Imagine if O. Henry was a football fan crafting modern-day twisting short stories on the game’s legends. Notre Dame’s Coley O’Brien provides a captivating narrative.
It starts with his dramatic role in the 1966 Notre Dame-Michigan State Game of the Century and continues through another landmark day 50 years later.
Yet, this is a story O. Henry wouldn’t have to imagine. We all know truth is stranger than fiction.
O’Brien forever planted his name in college football lore on Nov. 19, 1966 at Spartan Stadium in East Lansing, Michigan. Notre Dame’s backup quarterback came off the bench to replace injured starter Terry Hanratty. He led the Irish from a 10-0 deficit on the road to a 10-10 tie.
The surprising finish left an overflow crowd of 80,011 and a record TV audience — a 22 share — dumbfounded in silence. The controversial 10-10 tie remains debated unlike any other showdown that decided a national title.
Fast forward to the 50th anniversary game in 2016. The Spartans play the Irish at Notre Dame Stadium Saturday night in South Bend, Indiana. In this O. Henry twist, O’Brien isn’t with his old teammates for the halftime ceremonies. He’s in, of all places, East Lansing – not far from the specter of Spartan Stadium.
O’Brien and his wife Barb are due to become grandparents for the first time. Their daughter Christin’s due date is gameday. She and her husband Joe Nohner live in East Lansing while he pursues his Ph.D at Michigan State.
“I had tickets for them to go to the game with us,” O’Brien said dryly, “but they said they can’t make it.”
Joe and Christin don’t know the baby’s gender, but O’Brien offered a fitting boy’s name.
“Bubba,” he said. “Bubba Smith is the one who made me famous in that game.”
On the second series, Smith, a 6-foot-7, 285-pound two-time All-American defensive end and College Football Hall of Famer, pursued Hanratty on a quarterback draw from the side.
Hanratty was wrapped up by George Webster, a two-time All-American rover and College Football Hall of Famer, as Smith drove his shoulder into the turf. Hanratty left the game with a separated shoulder and didn’t return.
Notre Dame’s fate was in the hands of O’Brien, the son of a Navy officer who once commanded the USS Midway during the Vietnam War years. The Irish quarterback didn’t win a naval battle, but he delivered against one of the greatest defenses in college football history.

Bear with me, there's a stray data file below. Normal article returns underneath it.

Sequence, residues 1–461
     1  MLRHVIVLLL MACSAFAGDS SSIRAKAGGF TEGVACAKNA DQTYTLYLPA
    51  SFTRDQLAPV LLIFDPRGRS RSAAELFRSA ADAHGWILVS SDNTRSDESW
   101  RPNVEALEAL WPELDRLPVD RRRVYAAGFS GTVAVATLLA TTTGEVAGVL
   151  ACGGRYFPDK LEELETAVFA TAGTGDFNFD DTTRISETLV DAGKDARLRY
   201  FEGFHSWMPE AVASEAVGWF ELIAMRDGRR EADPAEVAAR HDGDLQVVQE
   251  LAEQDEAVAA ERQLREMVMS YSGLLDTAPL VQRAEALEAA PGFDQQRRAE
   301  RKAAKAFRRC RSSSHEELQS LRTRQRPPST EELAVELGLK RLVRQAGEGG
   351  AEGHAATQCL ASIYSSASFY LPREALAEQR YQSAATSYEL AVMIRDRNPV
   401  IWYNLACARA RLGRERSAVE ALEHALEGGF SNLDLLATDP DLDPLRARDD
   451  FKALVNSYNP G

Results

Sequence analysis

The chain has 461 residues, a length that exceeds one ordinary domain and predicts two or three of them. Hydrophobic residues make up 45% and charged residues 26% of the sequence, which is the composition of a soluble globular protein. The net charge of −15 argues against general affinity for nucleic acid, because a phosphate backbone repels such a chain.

O’Brien went deep with a 34-yard touchdown pass to Bob Gladiuex to trim Notre Dame’s deficit to 10-7 at halftime. In the fourth quarter, O’Brien drove the Irish into position for Joe Azzaro to kick a 28-yard field goal. The game has remained frozen in time at 10-10.
The controversial finish stems from Notre Dame trying only one pass – O’Brien was sacked by Smith – and Irish coach Ara Parseghian allowing the clock to run out. Michigan State called the only timeouts late in the game.
O’Brien is first and foremost associated with Game of the Century, but he also should be remembered for the USC game the following week. When the Michigan State showdown ended in a tie, Parseghian’s thought pattern was to hope the Irish remained No. 1 and then beat USC, ranked No. 7 and bound for the Rose Bowl as Pac-8 champion, to clinch the national title.
O’Brien made it happen, leading a 51-0 victory at the Coliseum in Los Angeles. He was 21-of-31 passing for 250 yards. It was the only time he started as a quarterback (he started a game as a halfback his senior year) playing behind Hanratty.
The 51-0 score remains USC’s worst loss, even after Alabama embarrassed the 2016 Trojans in the season opener, 52-6.
“I was watching the (Alabama) game,” O’Brien said, “and hoping we’d still have the record for their worst loss.”
In the final Associated Press writers’ and United Press International coaches’ polls, Notre Dame (9-0-1) was voted No. 1 and Michigan State (9-0-1) No. 2. Neither team played in a bowl game, which added to the magnitude of the Game of the Century.
Notre Dame’s administration didn’t lift a ban on bowl participation until 1969. The Big Ten’s exclusive contract with the Rose Bowl and archaic no-repeat rule kept the Spartans from returning to Pasadena after their 1965 national championship. However, Michigan State and Notre Dame were declared national co-champions by the National Football Foundation’s MacArthur Bowl.
Now retired with a grandchild in East Lansing, O’Brien expects to visit many times. He added his daughter lives near Michigan State’s campus.
“She is a runner and she goes for runs on the campus,” he said. “She also takes their dog for walks on campus.”
O’Brien also said he might attend a Michigan State game. He definitely wants to play some golf at Forest Akers, Michigan State’s campus course.
I asked O’Brien if he had heard how people in East Lansing react to Christin when they learn the identity of her father.
“She probably doesn’t want a lot of people to know,” he said.
Even the late Michigan State coach Duffy Daugherty, with his Irish roots, would have a twinkle in his eye hearing this O’Brien-O. Henry story.
Follow Tom Shanahan of Today’s U on Twitter: @shanny4055